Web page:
The author says he was paid €20,000 but never signed a contract — so he’s making the End Poem public domain.
There is no question who wrote the poem at the end of Minecraft, the best-selling video game of all time. Julian Gough is the one who gave the game’s unseen gods their voice, beautifully telling the player how the universe loves them — and how the player is the universe, dreaming of itself.
We know it is Julian because he put his name in the poem, and because game studio Mojang put his name in the credits, and because Mojang founder Markus “Notch” Persson personally and very publicly recruited him for the task. What we did not suspect — not till we read Gough’s new Twitter thread and an epic 10,000-word blog post that is well worth a full read — is that Microsoft may not actually own the rights to the game’s ending.
Gough says he never signed the contract — not with Mojang and not with Microsoft, which purchased Mojang for $2.5 billion in 2014. And after spending nearly a decade conflicted about whether he should consult a lawyer about that, he now says he’s chosen to give the ending away for free, making it public domain by tacking on a Creative Commons CC0 1.0 Universal license.
He announced much of this on December 7th, nearly a month ago, though it flew under the radar for me. Fittingly, the Twitter thread is about why some of us might not have seen this saga — he claims “several national newspapers” and a “global news organization” are all sitting on the story simply because Microsoft decided not to respond to their request for comment and they were too afraid of Microsoft’s 1,700-person legal team.
As a newsroom editor with a decade of experience, I think there’s a more plausible explanation: it’s really damn hard to prove this story is true, particularly without Microsoft’s help. (Microsoft didn’t immediately respond to my request for comment, either.)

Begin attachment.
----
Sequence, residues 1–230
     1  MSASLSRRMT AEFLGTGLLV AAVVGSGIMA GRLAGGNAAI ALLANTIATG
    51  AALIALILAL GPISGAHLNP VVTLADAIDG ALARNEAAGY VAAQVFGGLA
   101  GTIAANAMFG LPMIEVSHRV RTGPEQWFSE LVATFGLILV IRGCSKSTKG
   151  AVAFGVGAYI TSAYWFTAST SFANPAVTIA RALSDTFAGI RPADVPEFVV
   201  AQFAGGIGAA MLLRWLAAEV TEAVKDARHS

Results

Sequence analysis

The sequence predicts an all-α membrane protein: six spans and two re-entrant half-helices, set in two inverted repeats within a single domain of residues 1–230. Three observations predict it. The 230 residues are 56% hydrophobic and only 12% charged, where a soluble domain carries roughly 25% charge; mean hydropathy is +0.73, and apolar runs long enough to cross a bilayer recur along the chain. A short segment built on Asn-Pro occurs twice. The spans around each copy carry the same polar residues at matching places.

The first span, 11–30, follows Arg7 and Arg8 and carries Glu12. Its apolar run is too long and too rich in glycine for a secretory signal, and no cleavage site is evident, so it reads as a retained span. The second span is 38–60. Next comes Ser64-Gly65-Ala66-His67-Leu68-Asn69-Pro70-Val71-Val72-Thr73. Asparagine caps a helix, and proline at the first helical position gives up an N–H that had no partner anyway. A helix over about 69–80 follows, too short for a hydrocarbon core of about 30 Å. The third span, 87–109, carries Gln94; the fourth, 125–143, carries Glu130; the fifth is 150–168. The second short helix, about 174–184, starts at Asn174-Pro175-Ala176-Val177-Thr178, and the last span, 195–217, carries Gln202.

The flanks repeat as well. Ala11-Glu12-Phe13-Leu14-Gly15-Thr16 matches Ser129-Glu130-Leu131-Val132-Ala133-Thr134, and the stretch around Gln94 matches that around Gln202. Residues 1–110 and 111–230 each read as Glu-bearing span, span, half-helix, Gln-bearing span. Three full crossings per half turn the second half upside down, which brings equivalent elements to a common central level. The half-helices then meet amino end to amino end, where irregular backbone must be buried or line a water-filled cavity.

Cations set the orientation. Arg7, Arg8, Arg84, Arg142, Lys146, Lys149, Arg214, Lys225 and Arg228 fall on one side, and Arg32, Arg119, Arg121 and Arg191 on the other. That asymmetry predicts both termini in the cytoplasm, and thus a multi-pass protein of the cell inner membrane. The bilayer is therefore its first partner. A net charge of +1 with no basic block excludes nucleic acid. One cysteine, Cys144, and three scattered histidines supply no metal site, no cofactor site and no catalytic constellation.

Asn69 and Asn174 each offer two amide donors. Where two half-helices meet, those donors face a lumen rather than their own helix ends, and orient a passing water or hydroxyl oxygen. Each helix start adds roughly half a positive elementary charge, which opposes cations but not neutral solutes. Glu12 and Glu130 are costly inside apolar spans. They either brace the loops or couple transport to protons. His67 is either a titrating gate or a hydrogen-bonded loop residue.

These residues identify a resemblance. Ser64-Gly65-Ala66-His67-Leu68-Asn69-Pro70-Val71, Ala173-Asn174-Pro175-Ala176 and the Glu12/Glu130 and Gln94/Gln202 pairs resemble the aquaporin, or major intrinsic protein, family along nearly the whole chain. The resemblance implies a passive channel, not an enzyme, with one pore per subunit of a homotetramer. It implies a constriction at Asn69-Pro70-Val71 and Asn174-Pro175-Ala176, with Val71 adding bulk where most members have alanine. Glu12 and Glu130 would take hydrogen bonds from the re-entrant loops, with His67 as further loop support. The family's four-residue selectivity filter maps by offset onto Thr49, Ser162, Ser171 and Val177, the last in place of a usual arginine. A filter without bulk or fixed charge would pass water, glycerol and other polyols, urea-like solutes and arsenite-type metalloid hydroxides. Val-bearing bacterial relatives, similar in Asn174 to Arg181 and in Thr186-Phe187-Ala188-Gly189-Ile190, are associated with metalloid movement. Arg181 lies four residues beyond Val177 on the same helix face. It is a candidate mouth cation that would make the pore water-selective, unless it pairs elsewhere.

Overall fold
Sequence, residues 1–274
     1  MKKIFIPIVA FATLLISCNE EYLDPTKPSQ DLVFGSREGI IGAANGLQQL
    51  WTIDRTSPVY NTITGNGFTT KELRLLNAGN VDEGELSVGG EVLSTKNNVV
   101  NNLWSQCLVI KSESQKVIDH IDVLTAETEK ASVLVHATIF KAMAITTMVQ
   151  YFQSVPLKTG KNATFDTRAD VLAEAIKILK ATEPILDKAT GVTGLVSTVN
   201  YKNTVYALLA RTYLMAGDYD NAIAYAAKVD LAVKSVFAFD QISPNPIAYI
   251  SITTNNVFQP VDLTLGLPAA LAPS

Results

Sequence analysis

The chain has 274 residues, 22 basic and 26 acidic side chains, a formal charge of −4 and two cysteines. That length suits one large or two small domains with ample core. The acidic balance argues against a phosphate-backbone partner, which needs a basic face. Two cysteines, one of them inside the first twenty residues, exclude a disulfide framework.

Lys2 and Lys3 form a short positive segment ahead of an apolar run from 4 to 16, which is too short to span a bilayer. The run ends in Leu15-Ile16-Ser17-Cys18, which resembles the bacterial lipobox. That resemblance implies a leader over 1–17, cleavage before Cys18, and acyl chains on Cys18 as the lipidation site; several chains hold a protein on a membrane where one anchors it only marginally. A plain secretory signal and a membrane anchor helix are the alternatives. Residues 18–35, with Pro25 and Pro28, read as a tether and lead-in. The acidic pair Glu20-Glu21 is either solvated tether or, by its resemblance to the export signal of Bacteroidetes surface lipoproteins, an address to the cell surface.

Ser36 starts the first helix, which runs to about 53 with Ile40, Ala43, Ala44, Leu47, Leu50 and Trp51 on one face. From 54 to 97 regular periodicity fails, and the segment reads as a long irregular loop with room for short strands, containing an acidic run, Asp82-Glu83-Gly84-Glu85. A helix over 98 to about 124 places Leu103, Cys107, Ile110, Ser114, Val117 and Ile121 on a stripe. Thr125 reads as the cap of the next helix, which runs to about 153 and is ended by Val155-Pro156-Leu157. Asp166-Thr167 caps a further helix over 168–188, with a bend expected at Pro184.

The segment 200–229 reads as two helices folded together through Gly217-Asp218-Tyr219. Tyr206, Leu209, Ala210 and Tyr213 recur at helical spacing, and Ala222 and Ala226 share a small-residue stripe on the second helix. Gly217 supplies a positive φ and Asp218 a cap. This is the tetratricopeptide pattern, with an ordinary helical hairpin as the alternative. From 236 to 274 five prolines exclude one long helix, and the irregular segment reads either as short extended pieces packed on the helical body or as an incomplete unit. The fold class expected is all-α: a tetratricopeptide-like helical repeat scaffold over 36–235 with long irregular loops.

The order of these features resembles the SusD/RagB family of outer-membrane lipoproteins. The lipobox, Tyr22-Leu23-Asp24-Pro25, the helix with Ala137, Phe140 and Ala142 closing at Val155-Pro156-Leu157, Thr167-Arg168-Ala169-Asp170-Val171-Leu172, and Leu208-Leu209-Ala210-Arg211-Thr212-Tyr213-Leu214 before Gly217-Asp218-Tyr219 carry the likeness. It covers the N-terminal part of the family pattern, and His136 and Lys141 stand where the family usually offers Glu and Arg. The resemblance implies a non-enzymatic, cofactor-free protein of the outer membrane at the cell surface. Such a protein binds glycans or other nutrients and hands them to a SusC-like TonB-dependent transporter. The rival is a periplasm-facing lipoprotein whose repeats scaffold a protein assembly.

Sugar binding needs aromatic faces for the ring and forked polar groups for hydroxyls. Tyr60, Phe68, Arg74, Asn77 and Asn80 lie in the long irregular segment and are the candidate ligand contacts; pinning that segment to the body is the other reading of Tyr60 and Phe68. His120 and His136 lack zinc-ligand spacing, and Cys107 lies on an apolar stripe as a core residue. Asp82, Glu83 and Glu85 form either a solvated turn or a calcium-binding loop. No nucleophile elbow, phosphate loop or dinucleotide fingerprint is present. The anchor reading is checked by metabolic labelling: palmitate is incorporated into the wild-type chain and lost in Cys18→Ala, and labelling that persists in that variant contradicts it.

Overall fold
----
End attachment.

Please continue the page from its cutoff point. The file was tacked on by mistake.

Yes, Gough is absolutely the author of the poem, and yes, he can show us photos of unsigned contracts, but how is, say, The Washington Post to know he didn’t sign a different copy that Microsoft has locked up in some vault? It’s nigh impossible to prove that something doesn’t exist, like a piece of paper with Gough’s signature on it. Any editor sitting on this story is probably hoping Microsoft plays ball or at least that someone else who would have been in the path of the contract ’fesses up as corroboration.
That way, they can write a factual headline, which is much stronger than the “author claims” headline I’m presenting to you today. News orgs tend to prefer that for obvious reasons.
Also, consider that the source may be unreliable! There was a huge controversy recently when Bayonetta’s original voice actor Helena Taylor called for fans to boycott the game, claiming she was offered an obscenely low amount of money to reprise her role, but it quickly got overshadowed by Bloomberg’s reveal that she was offered more than she originally claimed. Today, it seems clear that she misled fans, even though she drew attention to a very real problem in the industry.
Gough, too, claims he’s barely getting by despite contributing something huge to a game that’s sold 238 million copies around the world.
But I don’t think we need absolute proof to bring you this story, partly because Gough’s tale is well worth reading even if you hold some doubts, and partly because he isn’t asking for anything save a little attention and possibly some donations.
He makes it crystal clear that he doesn’t want you to blame Microsoft, Mojang, or Notch and that he did make good use of his sole €20,000 payment. If he didn’t strike it rich with his contribution to Minecraft, he explains, he’s got no one to blame but himself.